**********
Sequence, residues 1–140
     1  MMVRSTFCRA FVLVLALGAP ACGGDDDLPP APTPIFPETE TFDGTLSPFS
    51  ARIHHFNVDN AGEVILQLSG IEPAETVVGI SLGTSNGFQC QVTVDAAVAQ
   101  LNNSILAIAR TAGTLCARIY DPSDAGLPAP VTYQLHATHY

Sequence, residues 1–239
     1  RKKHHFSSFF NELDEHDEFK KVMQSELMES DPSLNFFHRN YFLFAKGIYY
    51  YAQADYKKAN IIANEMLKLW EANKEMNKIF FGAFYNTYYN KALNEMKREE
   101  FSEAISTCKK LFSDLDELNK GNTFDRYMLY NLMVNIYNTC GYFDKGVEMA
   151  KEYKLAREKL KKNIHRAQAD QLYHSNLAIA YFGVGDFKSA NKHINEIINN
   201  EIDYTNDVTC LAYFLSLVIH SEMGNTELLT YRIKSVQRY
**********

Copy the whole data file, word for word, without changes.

Sequence, residues 1–140
     1  MMVRSTFCRA FVLVLALGAP ACGGDDDLPP APTPIFPETE TFDGTLSPFS
    51  ARIHHFNVDN AGEVILQLSG IEPAETVVGI SLGTSNGFQC QVTVDAAVAQ
   101  LNNSILAIAR TAGTLCARIY DPSDAGLPAP VTYQLHATHY

Sequence, residues 1–239
     1  RKKHHFSSFF NELDEHDEFK KVMQSELMES DPSLNFFHRN YFLFAKGIYY
    51  YAQADYKKAN IIANEMLKLW EANKEMNKIF FGAFYNTYYN KALNEMKREE
   101  FSEAISTCKK LFSDLDELNK GNTFDRYMLY NLMVNIYNTC GYFDKGVEMA
   151  KEYKLAREKL KKNIHRAQAD QLYHSNLAIA YFGVGDFKSA NKHINEIINN
   201  EIDYTNDVTC LAYFLSLVIH SEMGNTELLT YRIKSVQRY